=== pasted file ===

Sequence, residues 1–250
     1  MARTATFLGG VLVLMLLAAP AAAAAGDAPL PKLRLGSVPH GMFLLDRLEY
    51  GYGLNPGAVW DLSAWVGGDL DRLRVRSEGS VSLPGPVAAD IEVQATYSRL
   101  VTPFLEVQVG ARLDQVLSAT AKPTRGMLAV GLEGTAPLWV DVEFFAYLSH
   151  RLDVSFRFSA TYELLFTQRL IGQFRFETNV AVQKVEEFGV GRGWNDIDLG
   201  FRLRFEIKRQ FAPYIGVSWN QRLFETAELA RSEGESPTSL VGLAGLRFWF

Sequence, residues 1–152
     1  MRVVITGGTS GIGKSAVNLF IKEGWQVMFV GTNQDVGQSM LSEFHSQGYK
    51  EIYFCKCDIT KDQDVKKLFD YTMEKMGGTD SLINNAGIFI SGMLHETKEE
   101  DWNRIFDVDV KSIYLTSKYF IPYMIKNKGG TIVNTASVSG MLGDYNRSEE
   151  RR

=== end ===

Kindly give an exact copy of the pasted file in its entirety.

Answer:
Sequence, residues 1–250
     1  MARTATFLGG VLVLMLLAAP AAAAAGDAPL PKLRLGSVPH GMFLLDRLEY
    51  GYGLNPGAVW DLSAWVGGDL DRLRVRSEGS VSLPGPVAAD IEVQATYSRL
   101  VTPFLEVQVG ARLDQVLSAT AKPTRGMLAV GLEGTAPLWV DVEFFAYLSH
   151  RLDVSFRFSA TYELLFTQRL IGQFRFETNV AVQKVEEFGV GRGWNDIDLG
   201  FRLRFEIKRQ FAPYIGVSWN QRLFETAELA RSEGESPTSL VGLAGLRFWF

Sequence, residues 1–152
     1  MRVVITGGTS GIGKSAVNLF IKEGWQVMFV GTNQDVGQSM LSEFHSQGYK
    51  EIYFCKCDIT KDQDVKKLFD YTMEKMGGTD SLINNAGIFI SGMLHETKEE
   101  DWNRIFDVDV KSIYLTSKYF IPYMIKNKGG TIVNTASVSG MLGDYNRSEE
   151  RR